SR’s editor compiled many thousands of notes for his books 'The Invisible Spirit' and 'The Broken Journey' on the life of Scotland between 1945 and 1999. Many of minor interest never found their way into print. For this daily series, he has rescued some of these abandoned scraps from the dustbin of history.

Two funerals

March 1967

Hundreds of mourners attended the funeral of Duncan Macrae, the Scottish actor, at Linn Crematorium, Glasgow, who died on 23 March at the age of 61. Among the mourners were Hugh MacDiarmid, Alex McCrindle of Equity (the actors’ union), Kenneth McKellar, Una McLean, Molly Urquhart, Cliff Hanley, Robert Kemp, Larry Marshall, Andy Stewart, Ronald Mavor and Bill Tennent. Seamus McNeill, principal of the College of Piping, who taught Macrae to play the bagpipes, played 'Duncan Macrae's Lament' at the end of the service. Macrae was born in Glasgow in 1905, the son of a Sutherland crofter, and like many other Scottish actors of his generation, came into the theatre by way of the amateur movement. He was best known for his recitation of 'The Wee Cock Sparra' during the BBC's annual Hogmanay show and for his part in the TV adaptation of Neil Munro's novel, 'Para Handy'.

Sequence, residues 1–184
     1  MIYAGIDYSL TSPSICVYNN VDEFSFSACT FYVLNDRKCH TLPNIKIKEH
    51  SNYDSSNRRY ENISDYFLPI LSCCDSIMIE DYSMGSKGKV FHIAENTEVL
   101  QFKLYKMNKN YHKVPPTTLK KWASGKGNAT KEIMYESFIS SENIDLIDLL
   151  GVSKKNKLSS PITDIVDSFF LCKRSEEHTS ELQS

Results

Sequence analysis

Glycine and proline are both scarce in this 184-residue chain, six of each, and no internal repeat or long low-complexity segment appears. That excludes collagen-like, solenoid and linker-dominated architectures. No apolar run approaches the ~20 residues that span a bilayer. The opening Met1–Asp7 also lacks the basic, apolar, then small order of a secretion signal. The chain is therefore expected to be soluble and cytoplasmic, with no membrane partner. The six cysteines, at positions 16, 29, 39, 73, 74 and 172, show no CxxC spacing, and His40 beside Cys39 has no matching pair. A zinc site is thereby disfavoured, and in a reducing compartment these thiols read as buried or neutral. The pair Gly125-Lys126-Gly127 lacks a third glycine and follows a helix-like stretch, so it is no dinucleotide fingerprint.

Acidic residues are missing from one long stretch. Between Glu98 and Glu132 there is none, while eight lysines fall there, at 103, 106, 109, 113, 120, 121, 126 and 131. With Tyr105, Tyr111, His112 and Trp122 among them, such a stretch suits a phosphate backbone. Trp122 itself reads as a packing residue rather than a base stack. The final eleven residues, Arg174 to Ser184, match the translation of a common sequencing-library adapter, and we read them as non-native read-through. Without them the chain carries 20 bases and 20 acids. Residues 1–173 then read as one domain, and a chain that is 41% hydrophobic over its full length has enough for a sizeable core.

June 1974

A piper in full Highland regalia played a lament when the Skye terrier who played Greyfriars Bobby in the Walt Disney film of that name was
buried at Dolphinstone, on the border of Peebles-shire and Lanarkshire. Bobby was 17. The funeral oration was given by William Merrilees, the 75-year-old retired chief constable of Lothian and Peebles, who had to break off in mid-sentence to wipe tears from his eyes as a friend assisted him in lowering the small, black-draped coffin into the grave.

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